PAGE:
Stretching for acrobatics whether hand balancing or tumbling, is a must. Well, actually I should say flexibility is a must.
But the only way to get flexible is stretching, right?
In most cases yes, but not always. Stretches are just one sub-set of movement that involves getting to your end range of motion. This is then usually held although there are variations here as well.
The truth is you can build your flexibility with movements that don’t involve anything that looks like stretching in some cases. A person that can’t do a full range squat, will improve their flexibility by working on squats, with or without weights. This alone can loosen up the calves, quads, hamstrings, hips and back to where they’ll eventually be able to achieve the full range.
That is one route. Specific stretches aimed at helping this person would be another.
Let’s say you are working on the handstand. Perhaps you need more shoulder or wrist flexibility.
What about handsprings? Additional shoulder and back flexibility can help. So can hip flexibility.
If you’re doing bridging movements, you need all around spinal flexibility, not to mention the shoulders and wrists.
I don’t like to “stretch” for stretching’s sake. If you do, that’s fine with me. Some people like it just because they feel good afterwards. But if I’m going to do it, I always have a specific purpose behind it.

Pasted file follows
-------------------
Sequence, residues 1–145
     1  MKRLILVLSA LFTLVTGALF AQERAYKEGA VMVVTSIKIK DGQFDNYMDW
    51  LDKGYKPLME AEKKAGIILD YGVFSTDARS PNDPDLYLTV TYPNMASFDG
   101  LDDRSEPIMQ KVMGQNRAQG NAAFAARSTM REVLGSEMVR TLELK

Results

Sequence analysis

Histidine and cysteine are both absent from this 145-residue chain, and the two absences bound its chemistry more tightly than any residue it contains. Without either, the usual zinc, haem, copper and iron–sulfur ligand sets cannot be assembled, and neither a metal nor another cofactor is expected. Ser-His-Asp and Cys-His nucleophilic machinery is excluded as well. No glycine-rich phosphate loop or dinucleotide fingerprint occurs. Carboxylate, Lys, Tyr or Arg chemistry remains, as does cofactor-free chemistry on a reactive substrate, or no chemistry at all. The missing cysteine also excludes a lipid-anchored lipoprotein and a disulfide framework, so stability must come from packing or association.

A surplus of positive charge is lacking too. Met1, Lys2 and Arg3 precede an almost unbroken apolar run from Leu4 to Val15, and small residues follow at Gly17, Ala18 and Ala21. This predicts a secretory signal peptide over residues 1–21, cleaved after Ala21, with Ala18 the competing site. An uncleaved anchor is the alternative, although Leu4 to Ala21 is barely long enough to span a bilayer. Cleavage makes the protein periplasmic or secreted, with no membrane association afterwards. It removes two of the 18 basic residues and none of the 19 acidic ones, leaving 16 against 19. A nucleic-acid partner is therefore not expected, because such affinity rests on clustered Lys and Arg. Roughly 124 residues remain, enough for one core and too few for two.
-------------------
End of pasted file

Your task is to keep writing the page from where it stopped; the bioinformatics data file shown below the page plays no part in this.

My average training, and all the moves I do, give me more then enough flexibility to get through my everyday life, and to keep me generally flexible.
However, if I want to achieve a specific move, sometimes the best, or only route to achieving it is by increasing flexibility. Once again this can take the “movement” route or the “stretching” route. What I do really depends on the move, and in some cases is a combination of the two.
Now when we talk about stretching, there are several kinds. You have static stretching. You have various forms of isometrics or PNF stretching. Then you have dynamic stretching.
My personal favorite is dynamic. After all, dynamic movement is usually where you want to apply your new found flexibility. Still the others, especially the isometrics version, done right, can be a big help.
In any case, this is the framework of what I do. Pick a goal. Identify the different ways you can get there. Start with what looks like the best route, or often a combination of things. Put this into action. Adapt and continue to experiment from there. This applies to more then acrobatics stretching.
Here’s an example. In my progress towards a straight arm press handstand, I’ve realized one thing. If I had the right flexibility I could do the movement without problem. It’s really not a strength issue!
And the specific drill I’ve been working towards is what’s known as the Pancake. I would wager that most people that could lay their torso flat on the ground, could do a press handstand, if not right away, then with a little more work.The Pancake Drill (from DrillsAndSkills.com)
Yet having all the strength in the world for bent arm press handstands, is just not enough. I still work on other progressions towards the movement and am making progress. But I realize the biggest thing I can do for this exercise is too improve my hip flexibility. This just illustrates one specific case.
I recently came across a new resource on the topic of flexibility that I’ll be sharing with you later this week.